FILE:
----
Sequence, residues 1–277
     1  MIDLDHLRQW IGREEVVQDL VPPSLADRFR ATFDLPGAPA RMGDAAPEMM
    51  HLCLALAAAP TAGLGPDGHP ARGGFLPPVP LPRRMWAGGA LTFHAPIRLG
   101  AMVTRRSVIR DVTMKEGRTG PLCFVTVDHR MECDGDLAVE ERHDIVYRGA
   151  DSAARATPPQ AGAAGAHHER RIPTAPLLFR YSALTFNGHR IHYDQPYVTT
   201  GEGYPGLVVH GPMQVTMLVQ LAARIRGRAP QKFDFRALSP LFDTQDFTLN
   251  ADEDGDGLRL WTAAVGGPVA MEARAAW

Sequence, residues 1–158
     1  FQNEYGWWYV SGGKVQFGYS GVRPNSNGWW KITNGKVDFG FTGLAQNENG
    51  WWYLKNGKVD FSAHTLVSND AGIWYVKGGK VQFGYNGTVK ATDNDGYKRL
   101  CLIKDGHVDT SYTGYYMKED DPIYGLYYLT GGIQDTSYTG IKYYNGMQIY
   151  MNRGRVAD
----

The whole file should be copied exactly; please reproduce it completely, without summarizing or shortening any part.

Sequence, residues 1–277
     1  MIDLDHLRQW IGREEVVQDL VPPSLADRFR ATFDLPGAPA RMGDAAPEMM
    51  HLCLALAAAP TAGLGPDGHP ARGGFLPPVP LPRRMWAGGA LTFHAPIRLG
   101  AMVTRRSVIR DVTMKEGRTG PLCFVTVDHR MECDGDLAVE ERHDIVYRGA
   151  DSAARATPPQ AGAAGAHHER RIPTAPLLFR YSALTFNGHR IHYDQPYVTT
   201  GEGYPGLVVH GPMQVTMLVQ LAARIRGRAP QKFDFRALSP LFDTQDFTLN
   251  ADEDGDGLRL WTAAVGGPVA MEARAAW

Sequence, residues 1–158
     1  FQNEYGWWYV SGGKVQFGYS GVRPNSNGWW KITNGKVDFG FTGLAQNENG
    51  WWYLKNGKVD FSAHTLVSND AGIWYVKGGK VQFGYNGTVK ATDNDGYKRL
   101  CLIKDGHVDT SYTGYYMKED DPIYGLYYLT GGIQDTSYTG IKYYNGMQIY
   151  MNRGRVAD